Myrl Jeffcoat Anyone who has not had a difficult or toxic client is definitely not working hard enough. The longer in the business...the easier to identify who might not be a good fit.

  Love how you found out about the medication schedule and then avoided those times. Congratulations on the well-deserved feature.

Feb 11, 2019 06:34 PM #58
Janey Bishop
Gold Star Realty - Calabasas, CA
SFV CA Senior & Probate RE Specialist

I have the most troub le when client's friends want to give them advice. It is hard work to be diplomatic about the advice and yet be sure they understand this business is very local and that's what we do best. 

Thanks for the great post!

Feb 11, 2019 07:55 PM #59
Endre Barath, Jr.
Berkshire Hathaway HomeServices - Beverly Hills, CA
Realtor - Los Angeles Home Sales 310.486.1002

Myrl loved this post and indeed I have done all three, fired, coddled and then figured out the method to their madness:) Endre

Feb 11, 2019 11:28 PM #60
Laura Cerrano
Feng Shui Manhattan Long Island - Locust Valley, NY
Certified Feng Shui Expert, Speaker & Researcher

You really do learn a lot from difficult people were difficult situations and there’s always something good that can come out of a lot of things like that. There’s a saying that says, when you lose, don’t lose the lesson.

Feb 13, 2019 10:55 PM #61
Terry Naber
Colorado Springs, CO
REMAX Lifetime Achievement & Hall of Fame Award

In 28 years of selling real estate, I have had my share of difficult clients.  Let's face it-some people are just that way and cannot be pleased, no matter what you do.  But then there are those that are down-right dangerous and fly into a murderous rage when for no reason at all.  Case-in-point:  I took a listing, and at first had no clue that my "know-it-all" client would turn into one of the most hateful people I have ever met, until we received a cash offer on her home that was only $2500 less than her full price, with other terms that were a seller's dream-in a buyer's market.  When I called her to present the offer, she could not come to my office and I could not come to her because of a previous obligation.  So she agreed that I could email the offer.  When I suggested that we go over it on the phone, she rudely advised me that she didn't need me to explain the offer since she had already bought and sold several properties, so there was nothing I could tell her.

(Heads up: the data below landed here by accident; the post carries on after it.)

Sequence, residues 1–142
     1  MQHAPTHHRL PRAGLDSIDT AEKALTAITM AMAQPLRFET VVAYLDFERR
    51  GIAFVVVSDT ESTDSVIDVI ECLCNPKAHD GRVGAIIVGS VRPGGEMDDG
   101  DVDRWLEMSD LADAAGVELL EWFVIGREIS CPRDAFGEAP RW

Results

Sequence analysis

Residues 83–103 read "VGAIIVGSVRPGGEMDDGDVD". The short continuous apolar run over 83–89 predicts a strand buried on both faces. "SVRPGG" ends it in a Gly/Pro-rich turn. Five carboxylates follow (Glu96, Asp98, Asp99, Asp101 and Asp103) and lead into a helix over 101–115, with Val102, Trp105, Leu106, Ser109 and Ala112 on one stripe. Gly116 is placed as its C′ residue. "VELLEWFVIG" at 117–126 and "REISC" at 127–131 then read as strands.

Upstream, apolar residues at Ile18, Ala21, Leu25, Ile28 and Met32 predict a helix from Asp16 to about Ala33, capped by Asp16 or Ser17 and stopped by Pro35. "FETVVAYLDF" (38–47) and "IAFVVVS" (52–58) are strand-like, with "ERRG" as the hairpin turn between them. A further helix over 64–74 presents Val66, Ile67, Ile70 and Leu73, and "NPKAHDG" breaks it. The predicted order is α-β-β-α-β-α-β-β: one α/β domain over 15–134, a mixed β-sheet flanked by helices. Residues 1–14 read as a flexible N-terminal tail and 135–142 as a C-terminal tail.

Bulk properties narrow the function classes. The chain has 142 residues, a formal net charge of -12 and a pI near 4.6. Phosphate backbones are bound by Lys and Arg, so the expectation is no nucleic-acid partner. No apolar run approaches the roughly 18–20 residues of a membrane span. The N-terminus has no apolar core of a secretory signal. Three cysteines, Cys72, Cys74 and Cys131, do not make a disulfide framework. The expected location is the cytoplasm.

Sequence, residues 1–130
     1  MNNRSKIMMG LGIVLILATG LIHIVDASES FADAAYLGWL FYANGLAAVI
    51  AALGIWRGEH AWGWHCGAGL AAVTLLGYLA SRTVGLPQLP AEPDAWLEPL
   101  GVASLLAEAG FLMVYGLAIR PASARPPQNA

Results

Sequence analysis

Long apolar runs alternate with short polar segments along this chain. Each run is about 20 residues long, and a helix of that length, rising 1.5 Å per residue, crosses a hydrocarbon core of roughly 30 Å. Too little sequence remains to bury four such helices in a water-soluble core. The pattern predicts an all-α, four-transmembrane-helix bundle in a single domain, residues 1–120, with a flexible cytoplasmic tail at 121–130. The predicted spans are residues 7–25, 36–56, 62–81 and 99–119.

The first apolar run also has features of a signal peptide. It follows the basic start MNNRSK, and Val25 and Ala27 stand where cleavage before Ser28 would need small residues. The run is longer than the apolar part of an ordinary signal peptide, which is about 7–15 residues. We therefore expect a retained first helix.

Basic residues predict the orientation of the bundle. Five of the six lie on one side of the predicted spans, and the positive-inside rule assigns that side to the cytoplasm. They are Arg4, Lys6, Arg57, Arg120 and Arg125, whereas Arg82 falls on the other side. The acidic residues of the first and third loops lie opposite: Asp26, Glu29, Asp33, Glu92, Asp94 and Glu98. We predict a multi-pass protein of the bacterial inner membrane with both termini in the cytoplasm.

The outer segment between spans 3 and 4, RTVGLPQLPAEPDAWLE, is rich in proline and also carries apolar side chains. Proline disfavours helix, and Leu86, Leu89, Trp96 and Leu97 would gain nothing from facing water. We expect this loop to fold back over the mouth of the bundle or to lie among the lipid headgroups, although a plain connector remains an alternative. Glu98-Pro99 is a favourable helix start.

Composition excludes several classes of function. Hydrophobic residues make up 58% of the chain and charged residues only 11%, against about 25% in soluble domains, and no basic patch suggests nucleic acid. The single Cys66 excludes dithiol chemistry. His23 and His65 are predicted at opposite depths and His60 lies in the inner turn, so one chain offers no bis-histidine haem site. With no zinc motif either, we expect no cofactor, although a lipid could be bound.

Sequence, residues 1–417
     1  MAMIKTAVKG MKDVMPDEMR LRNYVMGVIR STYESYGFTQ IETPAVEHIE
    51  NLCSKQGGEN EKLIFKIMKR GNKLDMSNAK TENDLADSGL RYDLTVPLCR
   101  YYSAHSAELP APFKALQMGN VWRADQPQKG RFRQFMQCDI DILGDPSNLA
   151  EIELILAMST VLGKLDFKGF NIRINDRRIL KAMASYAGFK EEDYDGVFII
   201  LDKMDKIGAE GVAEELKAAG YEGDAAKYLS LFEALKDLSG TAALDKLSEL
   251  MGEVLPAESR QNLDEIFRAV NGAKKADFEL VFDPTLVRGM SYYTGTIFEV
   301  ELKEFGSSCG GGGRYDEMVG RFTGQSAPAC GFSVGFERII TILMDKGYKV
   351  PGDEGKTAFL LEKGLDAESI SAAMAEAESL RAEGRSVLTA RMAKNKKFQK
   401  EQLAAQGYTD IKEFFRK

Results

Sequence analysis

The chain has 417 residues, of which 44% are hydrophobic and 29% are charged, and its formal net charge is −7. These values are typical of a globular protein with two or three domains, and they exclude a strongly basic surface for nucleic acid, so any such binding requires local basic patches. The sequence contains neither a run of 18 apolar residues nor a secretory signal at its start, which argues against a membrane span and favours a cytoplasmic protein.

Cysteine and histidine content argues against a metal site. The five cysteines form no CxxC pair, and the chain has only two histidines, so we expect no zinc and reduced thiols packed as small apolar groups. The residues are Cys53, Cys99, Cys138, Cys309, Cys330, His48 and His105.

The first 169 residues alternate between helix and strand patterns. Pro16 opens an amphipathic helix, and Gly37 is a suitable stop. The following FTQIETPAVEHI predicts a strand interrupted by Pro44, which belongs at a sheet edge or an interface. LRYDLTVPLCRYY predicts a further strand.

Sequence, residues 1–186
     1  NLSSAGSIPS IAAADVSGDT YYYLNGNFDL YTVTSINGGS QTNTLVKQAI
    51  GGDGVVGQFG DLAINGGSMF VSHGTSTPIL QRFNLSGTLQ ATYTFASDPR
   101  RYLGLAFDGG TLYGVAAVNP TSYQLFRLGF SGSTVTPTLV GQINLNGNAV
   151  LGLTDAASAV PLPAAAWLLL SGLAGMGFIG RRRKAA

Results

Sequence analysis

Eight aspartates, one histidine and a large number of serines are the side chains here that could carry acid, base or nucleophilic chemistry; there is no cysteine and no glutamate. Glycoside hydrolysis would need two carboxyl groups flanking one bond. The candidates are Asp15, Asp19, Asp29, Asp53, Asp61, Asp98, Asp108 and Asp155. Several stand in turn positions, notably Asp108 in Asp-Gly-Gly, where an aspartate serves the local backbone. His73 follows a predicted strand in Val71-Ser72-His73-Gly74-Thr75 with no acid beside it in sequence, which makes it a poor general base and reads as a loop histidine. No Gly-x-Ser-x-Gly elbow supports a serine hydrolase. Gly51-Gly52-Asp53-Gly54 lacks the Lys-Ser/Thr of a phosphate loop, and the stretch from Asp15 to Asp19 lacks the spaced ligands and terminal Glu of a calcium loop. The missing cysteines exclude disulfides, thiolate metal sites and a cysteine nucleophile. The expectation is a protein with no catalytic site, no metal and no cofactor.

She and her husband signed the contract on Friday, and then on Monday the buyer's agent called to set the appointment for their inspection on Tuesday.  When I called the seller to set it up, she asked me in a very mean tone  "What do you mean, they want to inspect my house?"  I explained that the contract she signed had an inspection provision in the preprinted language provided by the Colorado Real Estate Commission, giving the buyer that right. She flew into a rage "You are supposed to be representing ME, the Seller!  How could you let such a horrible phrase be put in the contract!"  I told her that it had been in the contract for at least 20 years, and that this was  standard procedure and that any buyer would insist on it, but that did not molllify her.  She ended the conversation wtih me by saying "I am so furious with you I could KILL you!" and hung up on me.

I went straight to my broker who advised me to cancel the listing agreement immediately and get a restraining order on her.  But I needed that commission!  Besides, I felt that she probably was not a real threat because she was probably 200 pounds overweight and found it very hard to even get out her front door-I knew I could out-run her!

I never responded in kind, and maintained a professional demeanor despite the unjust judgement and insults she heaped on me but She remained difficult and bitterly angry with me through the transaction and beyond closing, despite my efforts to explain to her husband that the offer we received was excellant and basically a seller's dream.  Apparently he had long ago given up trying to reason with her.  She received top level service but never realized it.  

Someone like this is a very unhappy person, creating problems for themselves in all their dealings, always seeing the glass as half-empty.  

I would love to hear from other agents about their worst clients!



Feb 15, 2019 11:48 AM #62
Dave Rosenmarkle
Highland Realty - Arlington, VA
32 years of providing fully satisfying service!

Thanks for the thought-provoking post. Clients aren't the only ones who get cranky. 

Mar 25, 2019 04:39 PM #63
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Myrl Jeffcoat

Greater Sacramento Real Estate Agent